Marie Lorenz is a long-term artist. Her current project, Tide and Current Taxi, is in its eleventh year, having begun in 2005. The project is just her and a boat she build herself, traveling the urban waterways of New York City and collecting what she sees there.
For instance, a vast mandala-like structure in her collection is made of all kinds of containers she found floating. Another work is prints made using found items from her beach landings.
But most of her project is the photos and videos she has collected on her journeys of the people she has taxied around the waterways and of her own observations on the slow, thoughtful process of traveling.
Her boat is a special one, though if it has a name, Lorenz has not shared it. It is homely, made of plywood and fiberglass to her own simple design. Before it was assembled, Lorenz carved each panel richly with vistas and wildlife from the New York waterways, then printed them onto long sheets of paper like a woodcut.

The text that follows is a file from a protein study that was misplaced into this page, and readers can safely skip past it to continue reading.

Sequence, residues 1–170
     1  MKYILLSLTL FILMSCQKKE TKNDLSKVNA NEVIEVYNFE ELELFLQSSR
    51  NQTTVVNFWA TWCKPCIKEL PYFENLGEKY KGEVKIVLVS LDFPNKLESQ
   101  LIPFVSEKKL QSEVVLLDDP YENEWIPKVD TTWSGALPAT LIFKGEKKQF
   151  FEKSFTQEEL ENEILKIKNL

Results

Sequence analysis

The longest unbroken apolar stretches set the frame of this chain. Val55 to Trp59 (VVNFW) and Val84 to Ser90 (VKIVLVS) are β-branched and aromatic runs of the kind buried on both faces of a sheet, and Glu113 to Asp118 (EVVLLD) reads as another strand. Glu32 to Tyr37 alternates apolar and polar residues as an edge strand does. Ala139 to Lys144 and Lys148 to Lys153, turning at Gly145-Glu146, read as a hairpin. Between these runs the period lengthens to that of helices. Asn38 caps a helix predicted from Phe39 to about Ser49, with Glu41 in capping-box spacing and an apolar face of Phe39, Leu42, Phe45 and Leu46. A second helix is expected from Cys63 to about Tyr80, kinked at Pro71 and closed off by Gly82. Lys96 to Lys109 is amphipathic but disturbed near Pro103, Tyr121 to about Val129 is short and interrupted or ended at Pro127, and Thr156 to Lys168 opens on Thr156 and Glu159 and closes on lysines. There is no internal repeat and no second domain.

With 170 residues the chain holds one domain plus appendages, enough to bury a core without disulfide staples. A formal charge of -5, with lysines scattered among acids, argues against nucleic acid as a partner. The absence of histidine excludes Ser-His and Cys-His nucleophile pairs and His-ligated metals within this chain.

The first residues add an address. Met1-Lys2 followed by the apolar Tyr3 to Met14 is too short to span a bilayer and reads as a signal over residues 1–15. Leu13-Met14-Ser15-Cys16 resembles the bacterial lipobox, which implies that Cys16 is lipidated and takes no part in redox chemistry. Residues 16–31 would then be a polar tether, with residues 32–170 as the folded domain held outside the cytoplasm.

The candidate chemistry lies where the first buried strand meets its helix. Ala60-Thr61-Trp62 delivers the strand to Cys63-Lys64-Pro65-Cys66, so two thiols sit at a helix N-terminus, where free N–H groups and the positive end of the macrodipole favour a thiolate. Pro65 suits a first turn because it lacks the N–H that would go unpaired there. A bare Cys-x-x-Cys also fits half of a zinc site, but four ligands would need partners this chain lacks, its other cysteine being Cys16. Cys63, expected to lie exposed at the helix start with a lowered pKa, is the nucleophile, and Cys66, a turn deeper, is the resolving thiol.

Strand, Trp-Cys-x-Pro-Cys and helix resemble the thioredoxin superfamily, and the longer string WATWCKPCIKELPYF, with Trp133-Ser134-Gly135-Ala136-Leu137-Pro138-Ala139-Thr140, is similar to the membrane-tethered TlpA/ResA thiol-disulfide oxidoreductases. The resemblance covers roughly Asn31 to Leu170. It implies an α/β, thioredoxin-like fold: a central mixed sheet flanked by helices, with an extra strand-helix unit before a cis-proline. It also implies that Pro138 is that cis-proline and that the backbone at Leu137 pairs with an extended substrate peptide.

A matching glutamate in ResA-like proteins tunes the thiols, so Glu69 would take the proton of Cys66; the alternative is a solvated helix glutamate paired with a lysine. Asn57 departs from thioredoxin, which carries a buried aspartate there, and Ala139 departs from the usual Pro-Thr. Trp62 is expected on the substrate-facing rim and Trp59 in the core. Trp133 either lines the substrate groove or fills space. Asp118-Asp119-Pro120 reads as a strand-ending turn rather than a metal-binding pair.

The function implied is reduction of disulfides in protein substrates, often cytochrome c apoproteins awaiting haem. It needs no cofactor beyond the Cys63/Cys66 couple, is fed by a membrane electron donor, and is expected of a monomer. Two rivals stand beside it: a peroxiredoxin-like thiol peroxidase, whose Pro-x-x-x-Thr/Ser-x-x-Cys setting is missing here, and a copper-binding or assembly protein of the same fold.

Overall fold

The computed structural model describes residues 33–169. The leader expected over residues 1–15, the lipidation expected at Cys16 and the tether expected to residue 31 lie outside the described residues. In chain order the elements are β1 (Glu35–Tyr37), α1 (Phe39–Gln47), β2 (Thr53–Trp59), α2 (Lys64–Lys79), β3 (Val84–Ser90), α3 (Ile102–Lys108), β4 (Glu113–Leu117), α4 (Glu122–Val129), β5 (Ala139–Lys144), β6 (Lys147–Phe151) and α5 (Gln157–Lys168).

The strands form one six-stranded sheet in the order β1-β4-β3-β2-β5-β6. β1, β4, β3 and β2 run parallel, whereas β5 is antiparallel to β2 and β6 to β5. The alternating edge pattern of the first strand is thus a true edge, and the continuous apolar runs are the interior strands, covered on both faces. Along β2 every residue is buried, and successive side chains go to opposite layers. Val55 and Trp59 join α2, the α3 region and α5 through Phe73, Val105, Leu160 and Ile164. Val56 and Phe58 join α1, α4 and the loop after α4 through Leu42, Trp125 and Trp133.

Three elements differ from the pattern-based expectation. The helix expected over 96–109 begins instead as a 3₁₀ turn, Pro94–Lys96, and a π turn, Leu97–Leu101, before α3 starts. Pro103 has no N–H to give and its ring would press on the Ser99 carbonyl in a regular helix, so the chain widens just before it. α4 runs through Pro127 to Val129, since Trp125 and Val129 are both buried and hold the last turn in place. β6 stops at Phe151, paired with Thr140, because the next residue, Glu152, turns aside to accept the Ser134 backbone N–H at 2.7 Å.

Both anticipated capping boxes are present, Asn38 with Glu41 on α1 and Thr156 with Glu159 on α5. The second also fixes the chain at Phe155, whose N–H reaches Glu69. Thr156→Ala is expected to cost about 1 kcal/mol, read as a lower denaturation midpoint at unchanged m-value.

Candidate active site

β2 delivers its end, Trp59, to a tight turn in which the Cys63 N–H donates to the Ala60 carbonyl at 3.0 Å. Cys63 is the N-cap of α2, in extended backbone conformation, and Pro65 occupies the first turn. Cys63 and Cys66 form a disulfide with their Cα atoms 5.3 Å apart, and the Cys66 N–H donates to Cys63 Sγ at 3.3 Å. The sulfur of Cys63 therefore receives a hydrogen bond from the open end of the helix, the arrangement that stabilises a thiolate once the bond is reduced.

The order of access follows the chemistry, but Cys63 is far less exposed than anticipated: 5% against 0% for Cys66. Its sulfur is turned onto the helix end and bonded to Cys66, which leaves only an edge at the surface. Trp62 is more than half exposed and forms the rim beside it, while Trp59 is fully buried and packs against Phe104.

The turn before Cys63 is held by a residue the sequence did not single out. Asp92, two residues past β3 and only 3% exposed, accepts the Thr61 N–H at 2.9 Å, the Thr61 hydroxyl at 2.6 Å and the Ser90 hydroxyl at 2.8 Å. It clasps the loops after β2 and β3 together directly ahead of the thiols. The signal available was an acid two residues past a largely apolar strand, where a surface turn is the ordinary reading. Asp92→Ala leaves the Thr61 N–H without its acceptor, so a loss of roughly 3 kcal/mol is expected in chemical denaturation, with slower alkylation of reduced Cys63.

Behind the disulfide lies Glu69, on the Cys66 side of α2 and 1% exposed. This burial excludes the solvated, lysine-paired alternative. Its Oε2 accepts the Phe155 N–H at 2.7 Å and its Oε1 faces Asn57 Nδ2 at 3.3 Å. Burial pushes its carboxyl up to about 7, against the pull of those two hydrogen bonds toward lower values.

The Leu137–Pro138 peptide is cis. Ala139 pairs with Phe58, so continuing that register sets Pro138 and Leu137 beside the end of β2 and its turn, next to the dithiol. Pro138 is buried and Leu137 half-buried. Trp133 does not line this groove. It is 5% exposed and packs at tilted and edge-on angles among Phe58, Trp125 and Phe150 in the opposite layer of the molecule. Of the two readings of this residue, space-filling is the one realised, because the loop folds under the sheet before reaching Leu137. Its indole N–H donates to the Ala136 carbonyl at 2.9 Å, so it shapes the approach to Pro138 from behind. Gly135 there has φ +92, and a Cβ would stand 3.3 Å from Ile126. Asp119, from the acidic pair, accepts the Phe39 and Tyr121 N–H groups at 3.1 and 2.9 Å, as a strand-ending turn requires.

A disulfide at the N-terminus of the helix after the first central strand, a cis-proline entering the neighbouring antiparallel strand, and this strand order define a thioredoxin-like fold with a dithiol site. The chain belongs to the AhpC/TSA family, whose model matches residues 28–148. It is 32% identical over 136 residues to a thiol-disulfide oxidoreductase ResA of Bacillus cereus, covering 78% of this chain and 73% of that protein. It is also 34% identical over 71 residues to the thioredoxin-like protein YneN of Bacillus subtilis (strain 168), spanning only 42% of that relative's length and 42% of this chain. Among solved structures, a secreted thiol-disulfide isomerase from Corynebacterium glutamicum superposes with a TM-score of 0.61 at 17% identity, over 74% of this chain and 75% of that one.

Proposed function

Not all of the nautical art project has been peaceful driftings. Lorenz, who is 43, has experienced capsizes, including one near-drowning when her life jacket got caught on the mast as the boat rolled over and began to sink.
But she still goes out nearly every day. And in July and August of this year, she is undertaking her biggest step in the project. She is rowing from Buffalo to New York City via the Erie Canal and the Hudson River. This is no short voyage: she’ll have to go around the entire state of Maine on the way. The Erie Canal alone is nearly 400 miles long and descends through 35 locks.
Lorenz predicts the trip will take 5 weeks, and she plans to average 15 miles a day, depending on weather. With rowboats averaging perhaps three miles an hour, that is a long, hard day. Fans can accompany her virtually via the daily videos she posts to her blog or physically on the water, either in their own boats or hers, by contacting the Everson Museum in Syracuse.
Her exhibition called Ezekia, which includes her physical artwork and many of her videos and photos, is on display at the Albright Knox Art Gallery until September 11th.